[show abstract][hide abstract] ABSTRACT: HDAC4 is a Class II histone deacetylase (HDAC) that is highly expressed in the brain, but whose functional significance in the brain is not known. We show that forced expression of HDAC4 in cerebellar granule neurons protects them against low potassium-induced apoptosis. HDAC4 also protects HT22 neuroblastoma cells from death induced by oxidative stress. HDAC4-mediated neuroprotection does not require its HDAC catalytic domain and cannot be inhibited by chemical inhibitors of HDACs. Neuroprotection by HDAC4 also does not require the Raf-MEK-ERK or the PI-3 kinase-Akt signaling pathways and occurs despite the activation of c-jun, an event that is generally believed to condemn neurons to die. The protective action of HDAC4 occurs in the nucleus and is mediated by a region that contains the nuclear localization signal. HDAC4 inhibits the activity of cyclin-dependent kinase-1 (CDK1) and the progression of proliferating HEK293T and HT22 cells through the cell cycle. Mice-lacking HDAC4 have elevated CDK1 activity and display cerebellar abnormalities including a progressive loss of Purkinje neurons postnatally in posterior lobes. Surviving Purkinje neurons in these lobes have duplicated soma. Furthermore, large numbers of cells within these affected lobes incorporate BrdU, indicating cell-cycle progression. These abnormalities along with the ability of HDAC4 to inhibit CDK1 and cell-cycle progression in cultured cells suggest that neuroprotection by HDAC4 is mediated by preventing abortive cell-cycle progression.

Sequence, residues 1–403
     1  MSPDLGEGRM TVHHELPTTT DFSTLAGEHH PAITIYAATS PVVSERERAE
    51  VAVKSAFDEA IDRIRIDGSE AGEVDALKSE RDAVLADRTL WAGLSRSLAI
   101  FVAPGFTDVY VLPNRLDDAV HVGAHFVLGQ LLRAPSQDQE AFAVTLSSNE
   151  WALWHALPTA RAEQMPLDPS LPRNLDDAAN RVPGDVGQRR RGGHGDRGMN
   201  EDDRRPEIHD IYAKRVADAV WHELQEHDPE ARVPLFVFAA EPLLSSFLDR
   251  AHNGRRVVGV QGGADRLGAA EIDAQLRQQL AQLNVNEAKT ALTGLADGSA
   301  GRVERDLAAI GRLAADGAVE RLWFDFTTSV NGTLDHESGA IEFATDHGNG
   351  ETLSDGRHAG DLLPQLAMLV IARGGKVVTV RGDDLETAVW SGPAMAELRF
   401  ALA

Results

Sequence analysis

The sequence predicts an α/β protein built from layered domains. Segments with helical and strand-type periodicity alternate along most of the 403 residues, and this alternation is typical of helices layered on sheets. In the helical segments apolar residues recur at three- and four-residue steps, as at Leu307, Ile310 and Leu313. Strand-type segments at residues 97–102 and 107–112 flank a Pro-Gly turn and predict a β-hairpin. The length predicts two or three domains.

[show abstract][hide abstract] ABSTRACT: Skeletal muscle consists of type I and type II myofibers, which exhibit different metabolic and contractile properties. Type I fibers display an oxidative metabolism and are resistant to fatigue, whereas type II fibers are primarily glycolytic and suited for rapid bursts of activity. These properties can be modified by changes in workload, activity, and hormonal stimuli, facilitating muscle adaptation to physiological demand. The MEF2 transcription factor promotes the formation of slow-twitch (type I) muscle fibers in response to activity. MEF2 activity is repressed by class II histone deacetylases (HDACs) and is enhanced by calcium-regulated protein kinases that promote the export of class II HDACs from the nucleus to the cytoplasm. However, the identities of skeletal muscle class II HDAC kinases are not well defined. Here we demonstrate that protein kinase D1 (PKD1), a highly effective class II HDAC kinase, is predominantly expressed in type I myofibers and, when misexpressed in type II myofibers, promotes transformation to a type I, slow-twitch, fatigue-resistant phenotype. Conversely, genetic deletion of PKD1 in type I myofibers increases susceptibility to fatigue. PKD1 cooperates with calcineurin to facilitate slow-twitch-fiber transformation. These findings identify PKD1 as a key regulator of skeletal muscle function and phenotype.